Surrounded by volcanic cones and some of the world’s deepest canyons, the city of Arequipa is a must-see destination in southern Peru. With some 860,000 inhabitants, it’s the second largest city in Peru, but far less chaotic than Lima, which is ten times the size.
Arequipa is also one of the prettiest big cities in Peru. Many of its old colonial buildings were built from local sillar, a white volcanic rock that has given Arequipa its distinctive look and its nickname: La Ciudad Blanca, or The White City.
The arequipeños, or residents of Arequipa, are a proud people. Some are so fiercely proud of their city and its namesake region that they want to create an independent Republic of Arequipa, splitting from Peru entirely. And while that’s never likely to happen, the people of Arequipa have plenty of reasons to be proud of their city, its culture, and its wealth of sights and attractions.
1. Plaza de Armas
With its palm trees, colonial buildings and kissing couples, Arequipa’s expansive Plaza de Armas is one of the most impressive main squares in the country. It’s a fine place to sit and people-watch while eating a traditional queso helado. And as you look around you’ll see some of the oldest and most important buildings in the city, including the massive Basilica Cathedral of Arequipa and the smaller Iglesia de La Compañía, whose intricately carved façade is a masterpiece of religious architecture.
2. Monasterio de Santa Catalina
The Monasterio de Santa Catalina was founded in the mid-1500s as a monastery for nuns of the Dominican Second Order. At its height, around 450 people — nuns and their servants — lived inside the cloistered community. Spread over an entire city block, the monastery is like a little village tucked inside the city. Most of the monastery is now open to the public, apart from the areas still occupied by the nuns. It’s easy to spend an hour or more exploring Santa Catalina, wandering through the colorful alleyways painted in vibrant reds and blues, seeing the sparse quarters where the nuns once slept, and the comparatively lavish assembly and prayer rooms. Make sure your camera is well charged, because photo opportunities abound.
3. Museo Santuarios Andinos
The Museo Santuarios Andinos is home to one of Arequipa’s most iconic figures: Juanita, also known as the Lady of Ampato or the Inca Ice Maiden. Juanita was a 12-year-old Inca girl sacrificed to the gods in the 1450s and found atop Mount Ampato in 1995. Today she is kept in a refrigerated glass case, a fascinating but somewhat macabre sight thanks to her unsettlingly well-preserved state. Guides lead visitors through the atmospheric museum, explaining the significance of various artifacts found during the Juanita expedition before finally arriving in the room where Juanita is kept.
Just to the northwest of the city center lies the Yanahuara District, famous for its old sillar buildings, charming alleyways and colonial churches. Here you’ll also find a popular mirador, or viewing point, which offers great views across Arequipa and the volcanic peaks beyond it. Yanahuara is also home to some of the city’s most authentic traditional restaurants, where you can dig in to local classics like chupe de camarones (a type of shrimp chowder) and rocoto relleno, a spicy stuffed pepper.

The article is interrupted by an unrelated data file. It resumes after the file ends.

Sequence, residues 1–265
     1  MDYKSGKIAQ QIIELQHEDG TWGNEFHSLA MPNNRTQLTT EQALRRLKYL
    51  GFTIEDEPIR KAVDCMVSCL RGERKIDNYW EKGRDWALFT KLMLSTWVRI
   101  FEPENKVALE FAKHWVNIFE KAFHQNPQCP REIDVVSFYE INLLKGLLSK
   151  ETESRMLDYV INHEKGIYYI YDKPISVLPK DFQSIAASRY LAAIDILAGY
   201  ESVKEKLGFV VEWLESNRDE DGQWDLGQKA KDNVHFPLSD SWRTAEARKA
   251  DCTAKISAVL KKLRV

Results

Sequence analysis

5. Mercado San Camilo
San Camilo Market is the largest market in the center of Arequipa, located just a short walk southeast of the Plaza de Armas. It’s an authentic Peruvian market experience, selling plenty of fresh produce from across the region. It can be a heady and pungent place to explore, especially if the sight of cow heads and innards makes you queasy, but it’s packed with interesting meats, cheeses, fruits and more, and is a great place to watch traditional market life unfold before you.
6. Colca Canyon
Colca Canyon is the most famous and popular one- or two-day excursion from Arequipa. Twice as deep as the Grand Canyon, it ranks among the deepest canyons in the world. Not only is it a spectacular sight, the canyon is also home to Andean condors. Some people choose to visit Colca as a daytrip from Arequipa, heading to viewing points where the condors can be seen up-close as they swoop by the canyon walls. But if you have two or three days to spare, it’s worth arranging a trek with one of the many tour operators in the city. You can hike down into the canyon and spend the night at one of the small communities on the canyon floor, taking in the stunning scenery as you go.
7. El Misti
El Misti is a symmetrical stratovolcano that rises up about 11 miles to the northeast of Arequipa. You can see it from various parts of the city, snow-capped depending on the season, a beautiful sight but slightly disconcerting considering that the last eruption took place in 1985. If you’re feeling adventurous and are in good physical shape, it is possible to climb up El Misti. But the dusty slopes and the high altitude make it quite a challenge, and it normally takes two days to make it to the top.
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Tony Dunnell is a freelance writer based in Peru since 2009. He’s the owner of New Peruvian and also writes for various magazines and websites. When he’s not walking his dog in the jungle town of Tarapoto, he’s off exploring other parts of Peru and South America.